For kids aged 12-17, first dose rates as of March 17 were 97 per cent for Delta as a whole (unchanged), 97 for North Delta (up one per cent), 100 for Ladner (unchanged) and 95 for Tsawwassen (unchanged). Second dose rates were 95 per cent for Delta as a whole (up one per cent), 94 for North Delta (up one per cent), 98 for Ladner (unchanged) and 93 for Tsawwassen (up one per cent). Thirty-seven per cent of Deltans 12-17 years old had received a third dose of vaccine, up one per cent. Third dose rates by CHSA were not available.

The dashboard also shows first dose coverage among kids ages 5-11. Delta as a whole stood at 64 per cent (unchanged), North Delta at 59 (unchanged), Ladner at 72 (unchanged) and Tsawwassen at 71 (up one per cent). Thirty-seven per cent of kids ages 5-11 had received a second dose of vaccine, up three per cent. Second dose rates by CHSA were not available.

RELATED: NACI recommends kids get Pfizer COVID-19 vaccine, calls Moderna suitable alternative (March 18, 2022)

First dose rates for those 18-49 and those 50 and over were nearly the same and in line with other age categories.

For adults 50 and over, first dose coverage in Delta was 96 per cent (unchanged from the week before). Broken down by CHSA, rates were 95 for North Delta (unchanged), 96 for Ladner (unchanged) and 96 for Tsawwassen (unchanged).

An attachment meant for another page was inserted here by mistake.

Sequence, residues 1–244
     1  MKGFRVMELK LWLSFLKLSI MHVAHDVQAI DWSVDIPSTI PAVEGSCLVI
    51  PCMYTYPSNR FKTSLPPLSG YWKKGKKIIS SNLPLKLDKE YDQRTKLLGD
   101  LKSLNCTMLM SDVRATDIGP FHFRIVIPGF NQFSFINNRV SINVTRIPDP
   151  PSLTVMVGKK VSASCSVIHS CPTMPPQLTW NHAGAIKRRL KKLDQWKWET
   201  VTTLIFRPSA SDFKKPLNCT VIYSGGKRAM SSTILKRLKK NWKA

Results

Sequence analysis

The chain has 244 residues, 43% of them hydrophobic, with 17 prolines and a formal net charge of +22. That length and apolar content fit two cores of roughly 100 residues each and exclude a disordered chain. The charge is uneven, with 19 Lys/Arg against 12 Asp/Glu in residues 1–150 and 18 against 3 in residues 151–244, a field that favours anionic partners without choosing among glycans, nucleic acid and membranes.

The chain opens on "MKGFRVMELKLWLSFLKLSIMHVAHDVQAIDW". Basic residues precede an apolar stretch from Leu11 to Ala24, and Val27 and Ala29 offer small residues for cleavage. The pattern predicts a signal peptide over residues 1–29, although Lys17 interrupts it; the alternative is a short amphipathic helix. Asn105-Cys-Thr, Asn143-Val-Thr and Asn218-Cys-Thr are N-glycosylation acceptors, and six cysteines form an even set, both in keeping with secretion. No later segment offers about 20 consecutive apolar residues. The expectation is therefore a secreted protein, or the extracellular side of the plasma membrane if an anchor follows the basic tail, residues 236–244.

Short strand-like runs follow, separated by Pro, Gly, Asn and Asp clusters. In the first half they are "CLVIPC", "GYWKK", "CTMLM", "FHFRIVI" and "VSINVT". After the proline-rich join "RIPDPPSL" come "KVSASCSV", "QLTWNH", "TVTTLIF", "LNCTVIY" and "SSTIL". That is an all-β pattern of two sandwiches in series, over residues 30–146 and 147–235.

Second dose rates were 94 per cent for Delta as a whole (unchanged), 94 for North Delta (unchanged), 95 for Ladner (unchanged) and 95 for Tsawwassen (up one per cent).

Seventy-seven per cent of those 50 and over had received a third dose of vaccine, unchanged from the week before. Broken down by CHSA, that’s 72 per cent in North Delta (unchanged), 81 per cent in Ladner (unchanged) and 81 per cent in Tsawwassen (unchanged).

SEE ALSO: It’s official: Vaccinated travellers won’t need COVID-19 test to enter Canada as of April 1 (March 17, 2022)